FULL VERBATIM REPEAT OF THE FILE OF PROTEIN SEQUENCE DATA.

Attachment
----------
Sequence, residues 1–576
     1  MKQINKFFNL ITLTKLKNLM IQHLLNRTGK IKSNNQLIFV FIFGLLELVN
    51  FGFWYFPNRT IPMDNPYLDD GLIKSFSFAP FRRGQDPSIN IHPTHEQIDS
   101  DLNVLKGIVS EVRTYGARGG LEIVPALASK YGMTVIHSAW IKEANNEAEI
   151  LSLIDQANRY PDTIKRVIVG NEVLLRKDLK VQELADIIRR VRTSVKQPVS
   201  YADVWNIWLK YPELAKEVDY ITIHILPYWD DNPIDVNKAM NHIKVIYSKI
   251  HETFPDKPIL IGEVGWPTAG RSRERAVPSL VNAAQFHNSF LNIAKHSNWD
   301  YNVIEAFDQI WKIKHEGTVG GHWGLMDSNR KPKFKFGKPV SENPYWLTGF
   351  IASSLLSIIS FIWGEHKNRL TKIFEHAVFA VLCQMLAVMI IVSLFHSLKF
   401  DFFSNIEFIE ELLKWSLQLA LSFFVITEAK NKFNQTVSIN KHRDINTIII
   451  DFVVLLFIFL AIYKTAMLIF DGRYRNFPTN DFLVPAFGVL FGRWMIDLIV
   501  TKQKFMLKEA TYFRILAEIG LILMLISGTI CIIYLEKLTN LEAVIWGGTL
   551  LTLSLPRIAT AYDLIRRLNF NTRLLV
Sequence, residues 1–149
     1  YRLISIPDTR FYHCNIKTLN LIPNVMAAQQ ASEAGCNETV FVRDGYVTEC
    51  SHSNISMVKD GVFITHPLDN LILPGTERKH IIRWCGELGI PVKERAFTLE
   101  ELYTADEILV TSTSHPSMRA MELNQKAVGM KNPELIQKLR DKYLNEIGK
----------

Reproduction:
Sequence, residues 1–576
     1  MKQINKFFNL ITLTKLKNLM IQHLLNRTGK IKSNNQLIFV FIFGLLELVN
    51  FGFWYFPNRT IPMDNPYLDD GLIKSFSFAP FRRGQDPSIN IHPTHEQIDS
   101  DLNVLKGIVS EVRTYGARGG LEIVPALASK YGMTVIHSAW IKEANNEAEI
   151  LSLIDQANRY PDTIKRVIVG NEVLLRKDLK VQELADIIRR VRTSVKQPVS
   201  YADVWNIWLK YPELAKEVDY ITIHILPYWD DNPIDVNKAM NHIKVIYSKI
   251  HETFPDKPIL IGEVGWPTAG RSRERAVPSL VNAAQFHNSF LNIAKHSNWD
   301  YNVIEAFDQI WKIKHEGTVG GHWGLMDSNR KPKFKFGKPV SENPYWLTGF
   351  IASSLLSIIS FIWGEHKNRL TKIFEHAVFA VLCQMLAVMI IVSLFHSLKF
   401  DFFSNIEFIE ELLKWSLQLA LSFFVITEAK NKFNQTVSIN KHRDINTIII
   451  DFVVLLFIFL AIYKTAMLIF DGRYRNFPTN DFLVPAFGVL FGRWMIDLIV
   501  TKQKFMLKEA TYFRILAEIG LILMLISGTI CIIYLEKLTN LEAVIWGGTL
   551  LTLSLPRIAT AYDLIRRLNF NTRLLV
Sequence, residues 1–149
     1  YRLISIPDTR FYHCNIKTLN LIPNVMAAQQ ASEAGCNETV FVRDGYVTEC
    51  SHSNISMVKD GVFITHPLDN LILPGTERKH IIRWCGELGI PVKERAFTLE
   101  ELYTADEILV TSTSHPSMRA MELNQKAVGM KNPELIQKLR DKYLNEIGK